The ISM non-manufacturing (aka ISM Services) index continues its growth cycle,and improved 1.1 to 57.6 (above 50 signals expansion). Important internals were mixed. Markit PMI Services Index declined but remains in expansion..
Analyst Opinion of the ISM and Markit Services Survey
One survey slightly up and one slightly down - but both are in expansion. I am not a fan of surveys.
This was above expectations (from Bloomberg / Econoday) of 55.5 to 59.0 (consensus 56.5).
For comparison, the Market PMI Services Index was released earlier - and declined from 55.6 to 53.8. From Markit:
Growth of service sector output dips to five-month low
Rates of expansion in activity and new work ease from January peaks
Outstanding business falls for first time in three months
Relatively muted price pressures signalled
February data pointed to a slowdown in U.S. service sector growth. Rates of expansion in activity, new work and employment all eased. Meanwhile, volumes of work-in-hand were depleted for the first time since November last year. Sentiment regarding the year ahead also weakened, despite remaining upbeat overall. On the price front, both input costs and output charges increased at slower rates.
The seasonally adjusted Markit U.S. Services Business Activity Index dropped from January's 14-month high of 55.6 to 53.8 in February. Though still signalling a solid expansion of service sector output, the latest reading was the lowest in five months and below the long-run series average (55.3). Panellists nevertheless indicated that activity had been bolstered by new contract wins and the launch of new products.
There are two sub-indexes in the NMI which have good correlations to the economy - the Business Activity Index and the New Orders Index - both have good track records in spotting an incipient recession - both remaining in territories associated with expansion.
This index and its associated sub-indices are fairly volatile.
The Business Activity sub-index improved 3.3 points and now is at 63.6.
ISM Services - Business Activity Sub-Index
The New Orders Index improved 2.6 and is currently at 61.2.
The complete ISM manufacturing and non-manufacturing survey table is below.
Econintersect does give serious consideration to this survey as the service sector accounts for 80% of the economy and 90% of employment. However, this an opinion survey and is not hard data.
From the ISM report:
Economic activity in the non-manufacturing sector grew in February for the 86th consecutive month, say the nation's purchasing and supply executives in the latest Non-Manufacturing ISM®Report On Business®.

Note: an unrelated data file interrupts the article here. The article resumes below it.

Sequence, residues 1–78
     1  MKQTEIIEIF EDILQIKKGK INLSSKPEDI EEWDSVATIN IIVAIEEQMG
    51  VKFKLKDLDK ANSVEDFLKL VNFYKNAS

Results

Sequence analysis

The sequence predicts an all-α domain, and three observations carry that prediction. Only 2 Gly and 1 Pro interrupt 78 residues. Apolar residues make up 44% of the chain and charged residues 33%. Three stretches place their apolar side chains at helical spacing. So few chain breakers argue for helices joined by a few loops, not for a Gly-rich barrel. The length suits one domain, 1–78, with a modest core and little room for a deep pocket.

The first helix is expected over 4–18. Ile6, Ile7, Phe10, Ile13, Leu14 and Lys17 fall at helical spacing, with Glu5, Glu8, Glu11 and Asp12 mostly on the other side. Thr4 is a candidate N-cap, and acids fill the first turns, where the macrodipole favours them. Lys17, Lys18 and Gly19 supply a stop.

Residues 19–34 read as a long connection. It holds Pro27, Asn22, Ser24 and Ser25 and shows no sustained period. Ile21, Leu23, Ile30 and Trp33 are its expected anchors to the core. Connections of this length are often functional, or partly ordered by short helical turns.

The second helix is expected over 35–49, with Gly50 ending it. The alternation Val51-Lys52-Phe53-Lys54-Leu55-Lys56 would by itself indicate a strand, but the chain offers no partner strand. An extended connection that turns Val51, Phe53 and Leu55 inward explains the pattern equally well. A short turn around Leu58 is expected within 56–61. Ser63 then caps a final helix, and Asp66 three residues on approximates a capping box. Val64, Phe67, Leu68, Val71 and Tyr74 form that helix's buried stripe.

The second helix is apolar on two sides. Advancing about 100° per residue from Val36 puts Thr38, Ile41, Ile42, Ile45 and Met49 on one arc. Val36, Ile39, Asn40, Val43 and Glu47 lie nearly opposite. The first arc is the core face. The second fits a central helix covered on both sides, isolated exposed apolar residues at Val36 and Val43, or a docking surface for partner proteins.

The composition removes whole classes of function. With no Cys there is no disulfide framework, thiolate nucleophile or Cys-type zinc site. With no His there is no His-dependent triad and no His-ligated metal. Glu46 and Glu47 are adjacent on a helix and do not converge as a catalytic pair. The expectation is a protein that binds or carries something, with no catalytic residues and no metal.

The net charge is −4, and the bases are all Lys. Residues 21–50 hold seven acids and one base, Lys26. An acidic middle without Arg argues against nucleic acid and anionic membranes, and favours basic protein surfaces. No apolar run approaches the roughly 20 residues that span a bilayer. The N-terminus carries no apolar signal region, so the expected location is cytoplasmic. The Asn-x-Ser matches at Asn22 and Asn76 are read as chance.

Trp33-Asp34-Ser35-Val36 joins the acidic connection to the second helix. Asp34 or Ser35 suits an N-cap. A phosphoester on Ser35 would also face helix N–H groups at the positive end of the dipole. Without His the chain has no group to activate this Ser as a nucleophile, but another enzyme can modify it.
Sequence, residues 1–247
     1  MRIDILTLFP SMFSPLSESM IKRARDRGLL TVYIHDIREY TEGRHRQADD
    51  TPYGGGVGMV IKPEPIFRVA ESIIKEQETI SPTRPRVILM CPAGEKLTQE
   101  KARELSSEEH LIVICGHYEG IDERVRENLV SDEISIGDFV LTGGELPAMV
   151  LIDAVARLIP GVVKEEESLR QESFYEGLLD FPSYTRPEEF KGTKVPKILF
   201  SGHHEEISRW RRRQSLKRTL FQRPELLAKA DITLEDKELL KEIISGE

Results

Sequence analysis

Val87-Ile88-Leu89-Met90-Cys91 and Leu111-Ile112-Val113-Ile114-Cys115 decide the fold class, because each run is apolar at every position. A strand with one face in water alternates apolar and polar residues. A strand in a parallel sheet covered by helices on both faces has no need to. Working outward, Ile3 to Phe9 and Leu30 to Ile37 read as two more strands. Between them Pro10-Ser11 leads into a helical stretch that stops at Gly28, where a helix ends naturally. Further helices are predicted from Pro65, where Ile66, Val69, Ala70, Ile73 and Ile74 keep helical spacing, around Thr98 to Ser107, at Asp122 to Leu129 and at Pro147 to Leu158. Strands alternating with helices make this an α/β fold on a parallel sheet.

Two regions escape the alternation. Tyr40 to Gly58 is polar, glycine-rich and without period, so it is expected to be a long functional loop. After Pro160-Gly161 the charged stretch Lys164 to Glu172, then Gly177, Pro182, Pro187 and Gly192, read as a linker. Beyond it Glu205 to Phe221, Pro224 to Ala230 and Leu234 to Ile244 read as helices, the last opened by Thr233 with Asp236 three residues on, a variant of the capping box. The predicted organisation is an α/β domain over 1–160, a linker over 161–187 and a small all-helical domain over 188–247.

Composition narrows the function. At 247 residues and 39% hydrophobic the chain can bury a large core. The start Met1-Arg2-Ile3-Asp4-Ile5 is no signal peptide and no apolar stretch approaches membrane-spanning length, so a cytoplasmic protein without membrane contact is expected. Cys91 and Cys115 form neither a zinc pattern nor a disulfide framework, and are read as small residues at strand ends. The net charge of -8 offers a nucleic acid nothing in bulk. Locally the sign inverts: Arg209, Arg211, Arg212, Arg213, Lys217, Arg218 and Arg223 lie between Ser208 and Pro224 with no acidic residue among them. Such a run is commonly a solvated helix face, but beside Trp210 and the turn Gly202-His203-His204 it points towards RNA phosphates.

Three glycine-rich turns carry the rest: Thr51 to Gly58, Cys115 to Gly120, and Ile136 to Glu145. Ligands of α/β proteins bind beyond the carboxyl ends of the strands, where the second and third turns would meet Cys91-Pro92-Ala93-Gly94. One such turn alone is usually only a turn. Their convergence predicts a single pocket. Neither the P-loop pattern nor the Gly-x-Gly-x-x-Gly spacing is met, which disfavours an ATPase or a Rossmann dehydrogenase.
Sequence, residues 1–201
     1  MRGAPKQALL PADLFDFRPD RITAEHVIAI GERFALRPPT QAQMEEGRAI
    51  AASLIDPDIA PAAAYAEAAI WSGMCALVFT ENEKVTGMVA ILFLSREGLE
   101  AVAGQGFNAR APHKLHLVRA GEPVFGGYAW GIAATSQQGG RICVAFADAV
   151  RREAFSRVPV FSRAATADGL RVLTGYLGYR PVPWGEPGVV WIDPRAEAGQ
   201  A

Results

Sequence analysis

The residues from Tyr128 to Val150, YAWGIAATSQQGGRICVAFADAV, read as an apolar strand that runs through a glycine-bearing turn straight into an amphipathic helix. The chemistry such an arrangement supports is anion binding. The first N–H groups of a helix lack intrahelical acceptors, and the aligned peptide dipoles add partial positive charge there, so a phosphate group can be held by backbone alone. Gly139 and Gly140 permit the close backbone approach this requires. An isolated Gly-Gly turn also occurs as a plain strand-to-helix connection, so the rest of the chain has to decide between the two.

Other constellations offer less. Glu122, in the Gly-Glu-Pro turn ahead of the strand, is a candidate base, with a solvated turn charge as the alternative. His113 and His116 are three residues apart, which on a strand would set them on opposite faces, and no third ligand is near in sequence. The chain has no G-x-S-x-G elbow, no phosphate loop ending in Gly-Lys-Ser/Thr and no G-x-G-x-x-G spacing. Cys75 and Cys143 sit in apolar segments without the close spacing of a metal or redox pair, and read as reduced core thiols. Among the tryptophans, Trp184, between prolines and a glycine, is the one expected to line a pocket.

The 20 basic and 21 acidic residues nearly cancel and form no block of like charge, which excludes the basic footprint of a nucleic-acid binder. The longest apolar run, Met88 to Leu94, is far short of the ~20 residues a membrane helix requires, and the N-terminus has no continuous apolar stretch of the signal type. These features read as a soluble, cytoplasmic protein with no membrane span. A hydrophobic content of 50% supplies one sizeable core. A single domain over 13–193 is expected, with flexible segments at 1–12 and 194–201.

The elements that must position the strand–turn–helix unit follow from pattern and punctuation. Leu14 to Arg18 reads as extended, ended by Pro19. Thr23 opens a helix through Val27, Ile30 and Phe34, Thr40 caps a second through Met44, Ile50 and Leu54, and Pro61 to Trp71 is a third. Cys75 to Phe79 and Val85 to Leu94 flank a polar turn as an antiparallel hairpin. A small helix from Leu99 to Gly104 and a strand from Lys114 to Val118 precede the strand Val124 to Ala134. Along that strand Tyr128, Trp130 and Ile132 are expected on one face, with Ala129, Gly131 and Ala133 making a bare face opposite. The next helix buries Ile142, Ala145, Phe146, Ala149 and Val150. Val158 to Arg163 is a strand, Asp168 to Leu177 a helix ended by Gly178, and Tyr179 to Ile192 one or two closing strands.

The report was issued today by Anthony Nieves, CPSM, C.P.M., CFPM, chair of the Institute for Supply Management® (ISM®) Non-Manufacturing Business Survey Committee: "The NMI® registered 57.6 percent, which is 1.1 percentage points higher than the January reading of 56.5 percent. This is the highest reading since October 2015 and represents continued growth in the non-manufacturing sector at a slightly faster rate. The Non-Manufacturing Business Activity Index increased to 63.6 percent, 3.3 percentage points higher than the January reading of 60.3 percent, which is the highest reading since February 2011, when the index registered 63.8 percent, reflecting growth for the 91st consecutive month, at a faster rate in February. The New Orders Index registered 61.2 percent, 2.6 percentage points higher than the reading of 58.6 percent in January. This is the highest reading since August 2015, when the index registered 62.7 percent. The Employment Index increased 0.5 percentage point in February to 55.2 percent from the January reading of 54.7 percent. The Prices Index decreased 1.3 percentage points from the January reading of 59 percent to 57.7 percent, indicating prices increased for the 11th consecutive month, at a slower rate in February. According to the NMI®, 16 non-manufacturing industries reported growth in February. The non-manufacturing sector reflected strong growth in February after cooling off in January. Respondents' comments continue to be mixed, with some uncertainty; however, the majority indicate a positive outlook on business conditions and the overall economy."
The 16 non-manufacturing industries reporting growth in February — listed in order — are: Utilities; Mining; Management of Companies & Support Services; Other Services; Accommodation & Food Services; Health Care & Social Assistance; Agriculture, Forestry, Fishing & Hunting; Professional, Scientific & Technical Services; Finance & Insurance; Public Administration; Educational Services; Wholesale Trade; Arts, Entertainment & Recreation; Retail Trade; Transportation & Warehousing; and Construction. The two industries reporting contraction in February are: Real Estate, Rental & Leasing; and Information
Caveats on the use of ISM Non-Manufacturing Index:
This is a survey, a quantification of opinion. However, as pointed out above, certain elements of this survey have good to excellent correlation to the economy for as long as it has been in existence. Surveys lead hard data by weeks to months, and can provide early insight into changing conditions.
The main ISM non-manufacturing index (NMI) is so new that it does not have enough data history to have reliable certainty about how it correlates to the economy. Again, two sub-indices (business activity and new orders) do have good correlation for the limited history available.
No survey is accurate in projecting employment - and the ISM Non-Manufacturing Employment Index is no exception. Although there are some general correlation in trends if you stand far enough back from this graph, month-to-month movements have not correlated well with the BLS Service Sector Employment data.
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